To the extent that Amylin would suffer from the alleged actions, the resulting loss would take the form of profits on lost exenatide sales. Losses of this nature are generally calculable through the use of standard economic analyses undertaken in the calculation of economic harm generally and, specifically, in antitrust actions.  Amylin Pharmaceuticals, Inc. v. Eli Lilly and Company, Case No. 11-CV-1061 JLS (NLS) (S.D. Cal. June 8, 2011)

The courts do not enjoin actions that would result in a calculable economic injury. Accordingly, misappropriation of a trade secret can be remedied with money damages.

Finding no irreparable harm, the Court ended its analysis.    

 

Amylin Pharm. v. Eli Lilly Part I

By Jay Lewis

Amylin Pharmaceuticals, Inc. v. Eli Lilly and Company, Case No. 11-CV-1061 JLS (NLS) (S.D. Cal. June 8, 2011)

Background

Amylin Pharmaceuticals (“Amylin”) and Eli Lilly (“Defendant”) entered into a business relationship in 2002 to develop and commercialize exenatide, a drug used for treatment of type-2 diabetes.  In early 2011, Defendant announced that it was entering a similar alliance with Boehringer Ingelheim GmbH (“Boehringer”) to develop and commercialize linagliptin, also a drug used for treatment of type-2 diabetes.  Amylin and Boehringer are direct competitors so needless to say, Amylin was opposed to Defendant’s entering into the second agreement.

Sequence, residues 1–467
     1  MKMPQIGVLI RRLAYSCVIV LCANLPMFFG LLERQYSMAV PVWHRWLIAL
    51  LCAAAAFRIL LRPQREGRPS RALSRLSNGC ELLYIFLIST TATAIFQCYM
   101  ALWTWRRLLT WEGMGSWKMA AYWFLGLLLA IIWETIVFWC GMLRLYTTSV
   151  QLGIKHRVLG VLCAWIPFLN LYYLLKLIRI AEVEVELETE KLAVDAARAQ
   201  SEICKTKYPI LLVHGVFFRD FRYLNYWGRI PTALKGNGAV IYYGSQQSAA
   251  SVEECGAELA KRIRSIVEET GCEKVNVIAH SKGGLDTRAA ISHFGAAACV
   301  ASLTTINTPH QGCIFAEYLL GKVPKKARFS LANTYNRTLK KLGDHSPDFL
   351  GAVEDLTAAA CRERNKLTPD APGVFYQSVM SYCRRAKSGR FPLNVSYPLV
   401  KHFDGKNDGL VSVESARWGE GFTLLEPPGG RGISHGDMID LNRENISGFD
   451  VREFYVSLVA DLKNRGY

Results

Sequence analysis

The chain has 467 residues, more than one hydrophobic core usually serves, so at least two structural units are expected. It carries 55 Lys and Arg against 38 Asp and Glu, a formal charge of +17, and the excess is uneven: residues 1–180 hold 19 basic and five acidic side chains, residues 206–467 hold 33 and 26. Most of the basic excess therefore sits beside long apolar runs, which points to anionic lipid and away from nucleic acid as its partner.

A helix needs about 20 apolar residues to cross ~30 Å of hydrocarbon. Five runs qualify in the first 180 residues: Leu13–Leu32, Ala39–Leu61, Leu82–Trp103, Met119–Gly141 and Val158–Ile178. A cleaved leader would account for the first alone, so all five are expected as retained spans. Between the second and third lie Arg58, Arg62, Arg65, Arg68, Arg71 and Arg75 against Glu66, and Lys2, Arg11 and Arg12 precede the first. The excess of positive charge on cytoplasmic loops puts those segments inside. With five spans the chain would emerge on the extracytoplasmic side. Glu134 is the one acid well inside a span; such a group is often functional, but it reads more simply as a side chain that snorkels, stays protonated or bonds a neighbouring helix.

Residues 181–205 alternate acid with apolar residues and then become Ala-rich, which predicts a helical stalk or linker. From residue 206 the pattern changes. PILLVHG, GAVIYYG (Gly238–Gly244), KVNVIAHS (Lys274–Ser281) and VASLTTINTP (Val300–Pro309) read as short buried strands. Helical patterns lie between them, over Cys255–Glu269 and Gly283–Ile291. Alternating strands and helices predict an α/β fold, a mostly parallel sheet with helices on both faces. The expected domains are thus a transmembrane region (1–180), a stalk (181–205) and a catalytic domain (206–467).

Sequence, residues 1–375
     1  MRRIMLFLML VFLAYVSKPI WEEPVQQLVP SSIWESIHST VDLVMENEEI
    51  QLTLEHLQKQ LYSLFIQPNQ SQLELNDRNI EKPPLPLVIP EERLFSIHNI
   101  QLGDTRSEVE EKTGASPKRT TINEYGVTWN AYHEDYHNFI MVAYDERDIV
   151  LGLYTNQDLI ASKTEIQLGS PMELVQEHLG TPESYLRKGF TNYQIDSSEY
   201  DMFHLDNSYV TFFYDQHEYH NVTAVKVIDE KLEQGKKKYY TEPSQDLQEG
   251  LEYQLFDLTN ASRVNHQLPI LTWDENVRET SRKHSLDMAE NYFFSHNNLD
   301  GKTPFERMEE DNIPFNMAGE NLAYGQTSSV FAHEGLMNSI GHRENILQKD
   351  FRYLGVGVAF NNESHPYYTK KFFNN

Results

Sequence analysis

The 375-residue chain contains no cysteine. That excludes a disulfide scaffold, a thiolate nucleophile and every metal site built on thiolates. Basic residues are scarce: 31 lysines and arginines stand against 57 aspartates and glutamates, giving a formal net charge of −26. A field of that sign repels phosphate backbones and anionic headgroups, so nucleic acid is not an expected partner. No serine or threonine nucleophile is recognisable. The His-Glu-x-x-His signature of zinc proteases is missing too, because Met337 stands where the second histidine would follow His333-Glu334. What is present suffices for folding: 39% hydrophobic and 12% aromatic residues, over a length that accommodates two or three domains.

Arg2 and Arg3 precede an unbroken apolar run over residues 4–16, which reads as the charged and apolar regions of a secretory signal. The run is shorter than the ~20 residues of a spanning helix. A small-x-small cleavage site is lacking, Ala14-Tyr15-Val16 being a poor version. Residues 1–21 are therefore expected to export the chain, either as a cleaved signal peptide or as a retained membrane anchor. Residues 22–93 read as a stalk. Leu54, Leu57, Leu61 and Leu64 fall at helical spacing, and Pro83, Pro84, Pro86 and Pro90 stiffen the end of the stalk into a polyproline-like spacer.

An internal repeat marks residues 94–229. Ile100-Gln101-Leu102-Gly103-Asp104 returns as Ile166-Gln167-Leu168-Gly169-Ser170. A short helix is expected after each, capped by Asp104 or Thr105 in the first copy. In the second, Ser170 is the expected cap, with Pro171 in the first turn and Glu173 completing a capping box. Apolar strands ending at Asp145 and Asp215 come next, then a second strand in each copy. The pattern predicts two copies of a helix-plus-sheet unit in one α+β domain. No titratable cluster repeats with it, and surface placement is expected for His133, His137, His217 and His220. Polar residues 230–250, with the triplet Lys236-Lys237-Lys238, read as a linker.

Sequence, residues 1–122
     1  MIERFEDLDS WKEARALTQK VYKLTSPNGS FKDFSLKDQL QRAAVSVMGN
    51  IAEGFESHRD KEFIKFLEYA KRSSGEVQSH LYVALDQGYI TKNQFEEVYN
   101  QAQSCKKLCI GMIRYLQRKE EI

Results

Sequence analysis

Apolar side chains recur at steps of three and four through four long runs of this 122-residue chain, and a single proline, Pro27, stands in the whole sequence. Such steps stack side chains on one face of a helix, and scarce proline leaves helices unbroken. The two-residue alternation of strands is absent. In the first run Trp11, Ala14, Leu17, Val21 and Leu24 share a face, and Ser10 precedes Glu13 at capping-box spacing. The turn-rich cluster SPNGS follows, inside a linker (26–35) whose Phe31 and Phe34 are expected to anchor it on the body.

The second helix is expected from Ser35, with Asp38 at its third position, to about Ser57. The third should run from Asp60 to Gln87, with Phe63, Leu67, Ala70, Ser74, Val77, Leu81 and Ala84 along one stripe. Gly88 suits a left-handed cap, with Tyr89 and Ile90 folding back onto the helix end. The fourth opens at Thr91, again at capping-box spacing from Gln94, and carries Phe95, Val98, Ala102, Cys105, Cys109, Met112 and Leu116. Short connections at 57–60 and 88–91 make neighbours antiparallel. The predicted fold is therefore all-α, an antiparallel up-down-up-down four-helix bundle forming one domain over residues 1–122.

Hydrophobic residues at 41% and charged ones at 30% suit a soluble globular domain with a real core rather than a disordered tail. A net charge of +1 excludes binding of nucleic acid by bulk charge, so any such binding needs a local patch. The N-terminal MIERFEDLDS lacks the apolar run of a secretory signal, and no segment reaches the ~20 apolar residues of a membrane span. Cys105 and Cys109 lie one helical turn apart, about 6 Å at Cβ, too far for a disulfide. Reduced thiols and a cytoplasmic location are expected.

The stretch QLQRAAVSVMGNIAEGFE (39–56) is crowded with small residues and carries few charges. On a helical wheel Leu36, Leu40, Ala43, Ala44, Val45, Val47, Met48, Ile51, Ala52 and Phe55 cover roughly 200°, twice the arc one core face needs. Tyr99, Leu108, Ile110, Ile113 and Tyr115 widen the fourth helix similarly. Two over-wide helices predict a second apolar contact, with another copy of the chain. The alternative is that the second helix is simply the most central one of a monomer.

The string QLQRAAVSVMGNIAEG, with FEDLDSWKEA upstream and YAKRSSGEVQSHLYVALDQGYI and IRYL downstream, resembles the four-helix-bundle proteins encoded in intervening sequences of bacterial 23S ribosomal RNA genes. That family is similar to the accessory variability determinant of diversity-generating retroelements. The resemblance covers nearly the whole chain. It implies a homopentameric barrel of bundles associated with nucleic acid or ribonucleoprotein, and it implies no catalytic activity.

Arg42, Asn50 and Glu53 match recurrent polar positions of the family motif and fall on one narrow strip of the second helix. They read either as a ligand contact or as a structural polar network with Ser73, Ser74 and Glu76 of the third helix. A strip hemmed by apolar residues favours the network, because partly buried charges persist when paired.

Amylin and Defendant held private negotiations regarding the Boehringer alliance.  The parties were unable to resolve the matter so Amylin filed for a temporary restraining order (“TRO”) and preliminary injunction.  Amylin requested the Court to restrain and enjoin Defendant and others acting in concert from 1) disclosing any of Amylin’s confidential information; 2) using the same sales force used for Amylin’s drug; and 3) falsely describing Amylin’s products.

Legal Standard

The Court applied the appropriate legal standard, citing Winter v. Natural Res. Def. Council, 555 U.S. 7 (2008) for the general factors a plaintiff must show to obtain a preliminary injunction:

  1. A likelihood of success on the merits of the legal claim,
  2. Irreparable harm in the absence of preliminary relief,